The 2001 Authorization for Use of Military Force (AUMF), which the United States Congress enacted after 9/11 to authorize combat against Al Qaeda, is still being used to authorize U.S. military operations—many against groups that did not exist during the September 11 attacks. For example, in October 2013 the Pentagon used the AUMF as a source of authorization for a raid in Somalia targeting a senior Shabaab leader. The legislation is also routinely used to justify targeted killing with drone technology that did not exist in 2001. Members of the executive branch have reaffirmed the territorial limitlessness of the AUMF, with Pentagon officials stating that they would not hesitate to use it even in new battlefields such as Congo or Syria.
Successfully revising the AUMF to make it more specific, precise and targeted would challenge the momentum of almost 70 years of political practice around war powers.
What would be a more constitutionally sound basis for fighting the war on terrorism? With a notable exception, most commentary converges on a series of recommendations specifying that authorizations for war should:
- either specifically name U.S. enemies or provide for a transparent process by which enemies are named;
- define the territories where war may be fought;
- define the government’s detention and surveillance powers;
- provide guidelines pertaining to targeted killings; and
- include a sunset clause if Congress does not affirmatively renew its authority.
When considering the likelihood of achieving such reforms, commentators often use Vietnam and World War II as the relevant precedents. But as Stephen Griffin has persuasively argued, the Cold War is the most relevant precedent for the long wars of the 20th century. Today’s war on terror, like the Cold War, targets ideological rather than nation-based enemies. Both wars have generated huge transformations and reorganization of state capacities, and both have involved delegations of power and state capacity to the president without temporal or territorial limits.
Using the Cold War as the relevant historic precedent reveals at least two important lessons for today’s deliberations about the AUMF. The first is about the role of party outliers in restricting presidential power. Heather Hurlburt recently despaired of reform, in part because of the lack of internal coherence in the parties: Republicans such as Rand Paul push for serious congressional involvement in war, while Lindsay Graham urges the president to view the entire earth as his battlefield. Neither are Democrats eager to take on a Democratic president.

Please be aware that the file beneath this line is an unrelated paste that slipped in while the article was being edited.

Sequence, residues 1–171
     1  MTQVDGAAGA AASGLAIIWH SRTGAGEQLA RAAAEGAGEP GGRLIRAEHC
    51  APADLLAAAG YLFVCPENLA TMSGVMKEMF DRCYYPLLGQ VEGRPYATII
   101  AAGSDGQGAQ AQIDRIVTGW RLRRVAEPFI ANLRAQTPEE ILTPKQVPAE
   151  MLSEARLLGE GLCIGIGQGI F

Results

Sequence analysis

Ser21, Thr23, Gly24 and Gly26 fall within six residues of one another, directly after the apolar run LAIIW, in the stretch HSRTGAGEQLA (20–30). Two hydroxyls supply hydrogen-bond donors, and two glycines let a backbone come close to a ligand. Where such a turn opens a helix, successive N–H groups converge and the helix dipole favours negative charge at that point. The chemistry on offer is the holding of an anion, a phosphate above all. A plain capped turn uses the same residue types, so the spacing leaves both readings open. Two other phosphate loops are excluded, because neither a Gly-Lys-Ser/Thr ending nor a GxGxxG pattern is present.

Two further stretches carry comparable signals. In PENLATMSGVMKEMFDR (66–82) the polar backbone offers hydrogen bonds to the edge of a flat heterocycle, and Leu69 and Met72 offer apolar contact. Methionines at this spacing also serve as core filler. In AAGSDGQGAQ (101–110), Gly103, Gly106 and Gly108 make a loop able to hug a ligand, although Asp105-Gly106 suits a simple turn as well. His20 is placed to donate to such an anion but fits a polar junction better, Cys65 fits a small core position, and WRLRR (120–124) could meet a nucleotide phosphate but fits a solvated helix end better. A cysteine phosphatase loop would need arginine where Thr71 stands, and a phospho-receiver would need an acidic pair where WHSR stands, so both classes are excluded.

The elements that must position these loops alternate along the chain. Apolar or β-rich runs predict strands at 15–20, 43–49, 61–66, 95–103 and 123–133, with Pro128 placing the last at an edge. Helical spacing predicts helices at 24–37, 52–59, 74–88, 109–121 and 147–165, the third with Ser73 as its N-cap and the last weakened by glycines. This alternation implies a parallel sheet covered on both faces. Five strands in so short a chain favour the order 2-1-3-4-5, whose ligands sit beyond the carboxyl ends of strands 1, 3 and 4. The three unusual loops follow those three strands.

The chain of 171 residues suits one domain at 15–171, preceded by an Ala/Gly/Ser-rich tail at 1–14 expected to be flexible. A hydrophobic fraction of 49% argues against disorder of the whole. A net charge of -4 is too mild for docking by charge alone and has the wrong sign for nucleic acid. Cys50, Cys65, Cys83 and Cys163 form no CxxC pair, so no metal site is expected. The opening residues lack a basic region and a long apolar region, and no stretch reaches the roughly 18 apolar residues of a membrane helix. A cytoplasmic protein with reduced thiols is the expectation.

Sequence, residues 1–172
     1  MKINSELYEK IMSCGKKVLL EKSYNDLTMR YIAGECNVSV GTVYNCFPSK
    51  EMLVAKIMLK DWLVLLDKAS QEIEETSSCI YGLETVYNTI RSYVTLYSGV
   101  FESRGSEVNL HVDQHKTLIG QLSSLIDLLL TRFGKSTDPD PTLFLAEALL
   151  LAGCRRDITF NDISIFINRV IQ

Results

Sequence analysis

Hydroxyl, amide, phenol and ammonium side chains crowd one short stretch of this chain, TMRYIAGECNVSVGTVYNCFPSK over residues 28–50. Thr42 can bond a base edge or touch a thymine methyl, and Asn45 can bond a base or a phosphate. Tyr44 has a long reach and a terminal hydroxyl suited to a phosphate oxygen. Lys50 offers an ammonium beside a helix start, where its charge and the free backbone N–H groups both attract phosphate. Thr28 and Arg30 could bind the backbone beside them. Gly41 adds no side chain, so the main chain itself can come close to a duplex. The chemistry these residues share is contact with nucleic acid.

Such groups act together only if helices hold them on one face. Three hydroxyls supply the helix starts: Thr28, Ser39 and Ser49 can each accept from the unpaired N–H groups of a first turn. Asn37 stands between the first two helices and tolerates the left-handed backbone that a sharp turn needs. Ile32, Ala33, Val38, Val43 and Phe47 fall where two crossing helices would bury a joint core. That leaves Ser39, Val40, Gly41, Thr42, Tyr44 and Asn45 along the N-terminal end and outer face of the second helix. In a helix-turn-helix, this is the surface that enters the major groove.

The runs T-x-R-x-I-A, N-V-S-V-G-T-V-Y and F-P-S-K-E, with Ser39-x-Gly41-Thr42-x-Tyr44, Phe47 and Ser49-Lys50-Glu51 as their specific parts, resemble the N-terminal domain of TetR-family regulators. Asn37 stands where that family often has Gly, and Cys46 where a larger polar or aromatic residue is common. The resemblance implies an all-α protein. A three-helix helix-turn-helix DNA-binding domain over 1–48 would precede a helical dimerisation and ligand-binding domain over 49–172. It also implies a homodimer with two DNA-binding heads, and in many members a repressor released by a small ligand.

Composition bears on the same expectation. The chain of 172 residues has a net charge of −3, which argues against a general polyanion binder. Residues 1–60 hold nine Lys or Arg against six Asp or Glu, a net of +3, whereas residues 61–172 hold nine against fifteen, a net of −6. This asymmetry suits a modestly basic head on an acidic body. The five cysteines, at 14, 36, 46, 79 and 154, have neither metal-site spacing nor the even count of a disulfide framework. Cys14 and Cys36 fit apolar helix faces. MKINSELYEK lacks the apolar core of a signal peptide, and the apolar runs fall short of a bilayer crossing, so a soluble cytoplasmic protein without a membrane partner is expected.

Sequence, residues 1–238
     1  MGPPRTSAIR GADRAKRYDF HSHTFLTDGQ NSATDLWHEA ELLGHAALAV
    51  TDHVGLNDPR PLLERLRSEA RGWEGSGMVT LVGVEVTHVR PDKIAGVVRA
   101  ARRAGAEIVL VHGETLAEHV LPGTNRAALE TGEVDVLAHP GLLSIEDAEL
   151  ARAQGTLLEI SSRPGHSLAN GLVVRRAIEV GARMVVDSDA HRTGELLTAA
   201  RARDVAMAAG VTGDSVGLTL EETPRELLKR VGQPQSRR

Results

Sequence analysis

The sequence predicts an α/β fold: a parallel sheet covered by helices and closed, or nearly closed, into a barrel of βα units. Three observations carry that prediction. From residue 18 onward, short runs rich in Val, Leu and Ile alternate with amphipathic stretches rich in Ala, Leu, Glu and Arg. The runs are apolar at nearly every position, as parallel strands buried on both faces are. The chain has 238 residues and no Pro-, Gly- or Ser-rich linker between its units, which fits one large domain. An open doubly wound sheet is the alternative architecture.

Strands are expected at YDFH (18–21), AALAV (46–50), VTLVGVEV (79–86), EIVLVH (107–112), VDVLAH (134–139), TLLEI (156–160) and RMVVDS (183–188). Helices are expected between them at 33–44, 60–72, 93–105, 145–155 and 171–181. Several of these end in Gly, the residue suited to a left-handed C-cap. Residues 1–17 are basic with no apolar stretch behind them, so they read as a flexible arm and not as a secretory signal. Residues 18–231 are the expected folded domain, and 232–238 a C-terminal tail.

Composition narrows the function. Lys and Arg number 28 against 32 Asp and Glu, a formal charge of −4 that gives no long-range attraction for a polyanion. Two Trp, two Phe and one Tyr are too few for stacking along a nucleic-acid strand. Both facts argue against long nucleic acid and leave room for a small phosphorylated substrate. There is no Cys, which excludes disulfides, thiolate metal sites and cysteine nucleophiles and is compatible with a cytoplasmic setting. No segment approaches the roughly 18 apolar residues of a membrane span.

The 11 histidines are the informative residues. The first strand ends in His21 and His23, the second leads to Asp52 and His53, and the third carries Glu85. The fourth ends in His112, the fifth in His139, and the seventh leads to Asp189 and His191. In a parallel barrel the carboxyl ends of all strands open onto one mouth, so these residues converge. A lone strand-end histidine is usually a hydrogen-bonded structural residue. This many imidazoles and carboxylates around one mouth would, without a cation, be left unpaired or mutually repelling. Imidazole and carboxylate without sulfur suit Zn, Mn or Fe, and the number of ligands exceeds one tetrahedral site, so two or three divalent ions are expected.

In Vietnam, Senator Fulbright’s hearings did a great deal to legitimate public opposition to executive war powers. Shifting public opinion was then reinforced with a partisan-institutional divide when a unified Democratic Congress squared off against Nixon. In 1971, Congress managed to repeal the Gulf of Tonkin Resolution, but despite this the president continued bombing Cambodia under his Article II powers up through 1973.
During the early Cold War, important dissenters took on presidents of their own party, and were not always of the party mainstream. Senators Taft and Bricker were relentless in their quest to rein in executive powers, creating serious headaches for both Truman and Eisenhower. (Taft did so while serving as the Senate Majority Leader for Republicans during a Republican presidential administration.) Conservative resistance to presidential war powers influenced the executive branch to stop seeking international human rights covenants, and influenced Eisenhower towards maintaining strong consultative practices with Congress. Liberals such as Claude Pepper achieved less (in part due to McCarthy-like intimidation), but still brought criticisms of the emerging Cold War order into the public sphere during the Truman administration.
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Successfully revising the AUMF to make it more specific, precise and targeted would challenge the momentum of almost 70 years of political practice around war powers. The early Cold War reveals a possible role for in-party dispute and marginal party members in effecting such transformations. It also reveals the role of political agitation and influence—not only statutory limits—in disciplining presidential war powers.
A second lesson is about the importance of engaging global constituencies in U.S. deliberations. The AUMF allows the United States to target individuals all over the globe, and the U.S. is outsourcing its strike capabilities by providing target intelligence to states that use the intelligence for their own purposes. (These countries include Somalia, Turkey, Uganda, Honduras, and Mali, at least.) Many such missions have nothing to do with preventing another terrorist attack on U.S. territory and everything to do with a ‘war on terror’ more broadly – exactly what President Obama campaigned against.
Which restrictions make sense for limiting U.S. involvement in the security work of other states for a variety of ends not related to September 11? This question deeply affects global constituencies, and should be discussed in light of global, not just national, needs.
The Cold War order emerged while the United States took on the tremendous work of developing new institutions for global conversation and global security, especially NATO and the United Nations. Today, the United Nations has not been a strong force pushing for global conversation on targeted killing, or on the restraints that the U.S. should adhere to as it performs security work for other states. Nor does the United Nations provide adequate opportunities to highlight the voices of law-abiding citizens and legitimate political organizations affected by U.S. policing of ‘battlefield earth’. Redesigning the AUMF should happen in concert with efforts to create international constituencies, conversation, and accountability.